Pet owner warns of bobcat on the prowl in Livermore after fatal attack

A pet owner in Livermore is alerting others after his cat was violently attacked by a bobcat. It happened last night on Old Oak Road.

"It had its mouth in my cat’s neck and it was dragging it," said Patrick Martin of Livermore.

Patrick Martin is describing what he saw: his 16-year-old Siamese cat Sophie on their porch chair under attack by a bobcat.

"I could see the tufts and the ears and the back legs, slight little tail," said Marin. "Telltale signs of bobcat."

He suspects the bobcat came from the nearby quarry. The bobcat eventually let Sophie go. She was unable to walk and was unresponsive. The family brought Sophie to the hospital where she was put to sleep.

"I’m very sad," said Martin. "It’s very disheartening. She’s a very friendly cat. She would come walk down when people walked by even with dogs."

The family warned neighbors about it on Nextdoor. Some shared photos of a bobcat prowling in the neighborhood.

Martin estimates the bobcat weighed roughly 25 pounds. Another neighbor posted video of two bobcats a third of a mile away from the Martin home.

"Now that I know the cats are out I’m probably going to make sure I watch my pets every time I come out," said Kayla Antolik of Livermore.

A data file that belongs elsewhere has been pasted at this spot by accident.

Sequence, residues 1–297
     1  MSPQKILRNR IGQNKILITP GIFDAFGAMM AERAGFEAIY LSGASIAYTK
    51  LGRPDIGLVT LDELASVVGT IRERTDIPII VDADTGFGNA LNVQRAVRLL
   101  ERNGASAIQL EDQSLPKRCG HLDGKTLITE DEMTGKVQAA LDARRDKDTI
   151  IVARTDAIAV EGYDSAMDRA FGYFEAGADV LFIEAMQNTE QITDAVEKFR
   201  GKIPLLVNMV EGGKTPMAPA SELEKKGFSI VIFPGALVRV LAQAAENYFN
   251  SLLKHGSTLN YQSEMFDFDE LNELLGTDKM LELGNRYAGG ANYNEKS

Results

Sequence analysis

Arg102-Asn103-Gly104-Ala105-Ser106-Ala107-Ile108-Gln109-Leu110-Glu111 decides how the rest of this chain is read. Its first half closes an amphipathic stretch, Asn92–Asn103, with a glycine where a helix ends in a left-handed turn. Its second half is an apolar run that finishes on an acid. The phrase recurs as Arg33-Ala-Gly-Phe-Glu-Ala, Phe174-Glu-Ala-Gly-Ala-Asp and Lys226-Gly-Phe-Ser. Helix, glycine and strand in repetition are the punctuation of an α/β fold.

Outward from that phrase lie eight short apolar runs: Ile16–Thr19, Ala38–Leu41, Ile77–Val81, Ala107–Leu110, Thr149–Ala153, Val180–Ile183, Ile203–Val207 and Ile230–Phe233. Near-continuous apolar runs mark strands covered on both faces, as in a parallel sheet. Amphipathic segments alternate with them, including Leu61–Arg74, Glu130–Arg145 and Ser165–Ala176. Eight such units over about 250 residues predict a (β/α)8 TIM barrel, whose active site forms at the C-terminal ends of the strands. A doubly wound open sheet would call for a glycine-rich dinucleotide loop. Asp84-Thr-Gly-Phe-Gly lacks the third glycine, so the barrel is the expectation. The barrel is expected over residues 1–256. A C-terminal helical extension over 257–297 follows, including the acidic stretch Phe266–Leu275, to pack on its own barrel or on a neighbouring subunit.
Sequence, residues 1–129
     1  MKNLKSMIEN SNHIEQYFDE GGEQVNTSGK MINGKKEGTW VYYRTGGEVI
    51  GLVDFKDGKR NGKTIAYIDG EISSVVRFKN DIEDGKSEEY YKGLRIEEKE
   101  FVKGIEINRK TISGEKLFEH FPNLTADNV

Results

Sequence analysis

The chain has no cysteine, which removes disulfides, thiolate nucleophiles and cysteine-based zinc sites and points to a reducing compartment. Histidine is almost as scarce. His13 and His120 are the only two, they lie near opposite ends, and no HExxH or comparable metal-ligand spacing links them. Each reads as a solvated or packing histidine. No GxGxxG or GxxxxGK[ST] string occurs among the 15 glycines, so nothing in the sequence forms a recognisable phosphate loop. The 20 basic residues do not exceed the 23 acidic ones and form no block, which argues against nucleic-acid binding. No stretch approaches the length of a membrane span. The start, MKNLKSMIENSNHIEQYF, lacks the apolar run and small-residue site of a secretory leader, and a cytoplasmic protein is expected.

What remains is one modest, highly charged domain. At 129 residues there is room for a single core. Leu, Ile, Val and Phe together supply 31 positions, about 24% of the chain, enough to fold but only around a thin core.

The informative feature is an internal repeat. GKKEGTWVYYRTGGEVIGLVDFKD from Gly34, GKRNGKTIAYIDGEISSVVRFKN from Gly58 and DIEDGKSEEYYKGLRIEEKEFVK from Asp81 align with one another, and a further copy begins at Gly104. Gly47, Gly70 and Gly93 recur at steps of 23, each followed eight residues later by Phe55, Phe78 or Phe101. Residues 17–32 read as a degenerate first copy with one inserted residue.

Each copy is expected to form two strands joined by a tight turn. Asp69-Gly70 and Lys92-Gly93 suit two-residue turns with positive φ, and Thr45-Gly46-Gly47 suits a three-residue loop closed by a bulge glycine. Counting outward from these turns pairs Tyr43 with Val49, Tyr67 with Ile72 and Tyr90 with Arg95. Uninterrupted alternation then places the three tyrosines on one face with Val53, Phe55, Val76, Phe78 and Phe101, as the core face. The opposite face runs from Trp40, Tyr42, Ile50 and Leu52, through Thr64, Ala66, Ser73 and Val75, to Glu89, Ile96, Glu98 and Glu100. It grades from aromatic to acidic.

"They do reside in open rural areas but they usually find places with a lot of cover because they don't want to be seen by people," said Ken Paglia of California Dept. of Fish & Wildlife.

Experts said bobcats are solitary animals, a protected species that typically eat small rodents and from time to time can go after pets. They are not a threat to humans. The drought may be a factor.

"In drought years, just the food resources for wildlife are a little more diminished," said Paglia.

Martin said the bobcat came back three times after the initial attack. They worry about their other small pets including dog Paisley and cat Zoe who are all on lockdown.

"They will stay around, keep coming back," said Martin. "That’s what our concern is. The cat will keep making the rounds until it runs out of food sources."

Police were called out and searched the neighborhood but did not find the bobcat. Fish & Wildlife advise don’t leave anything out that would attract rodents - a bobcat’s prey.

Azenith Smith is a reporter for KTVU.  Email Azenith at and follow her on Twitter and Instagram @AzenithKTVU or Facebook or